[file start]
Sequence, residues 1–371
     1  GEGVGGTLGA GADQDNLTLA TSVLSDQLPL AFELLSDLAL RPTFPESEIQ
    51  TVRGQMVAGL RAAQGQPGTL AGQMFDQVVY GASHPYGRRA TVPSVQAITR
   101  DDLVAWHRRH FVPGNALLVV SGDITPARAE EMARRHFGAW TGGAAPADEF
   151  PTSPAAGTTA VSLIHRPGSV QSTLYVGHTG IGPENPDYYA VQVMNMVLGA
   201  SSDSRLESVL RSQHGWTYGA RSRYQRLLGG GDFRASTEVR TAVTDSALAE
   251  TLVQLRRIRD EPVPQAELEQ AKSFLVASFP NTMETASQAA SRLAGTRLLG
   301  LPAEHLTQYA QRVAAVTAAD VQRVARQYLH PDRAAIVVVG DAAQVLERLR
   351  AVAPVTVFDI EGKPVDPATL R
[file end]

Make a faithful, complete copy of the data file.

Sequence, residues 1–371
     1  GEGVGGTLGA GADQDNLTLA TSVLSDQLPL AFELLSDLAL RPTFPESEIQ
    51  TVRGQMVAGL RAAQGQPGTL AGQMFDQVVY GASHPYGRRA TVPSVQAITR
   101  DDLVAWHRRH FVPGNALLVV SGDITPARAE EMARRHFGAW TGGAAPADEF
   151  PTSPAAGTTA VSLIHRPGSV QSTLYVGHTG IGPENPDYYA VQVMNMVLGA
   201  SSDSRLESVL RSQHGWTYGA RSRYQRLLGG GDFRASTEVR TAVTDSALAE
   251  TLVQLRRIRD EPVPQAELEQ AKSFLVASFP NTMETASQAA SRLAGTRLLG
   301  LPAEHLTQYA QRVAAVTAAD VQRVARQYLH PDRAAIVVVG DAAQVLERLR
   351  AVAPVTVFDI EGKPVDPATL R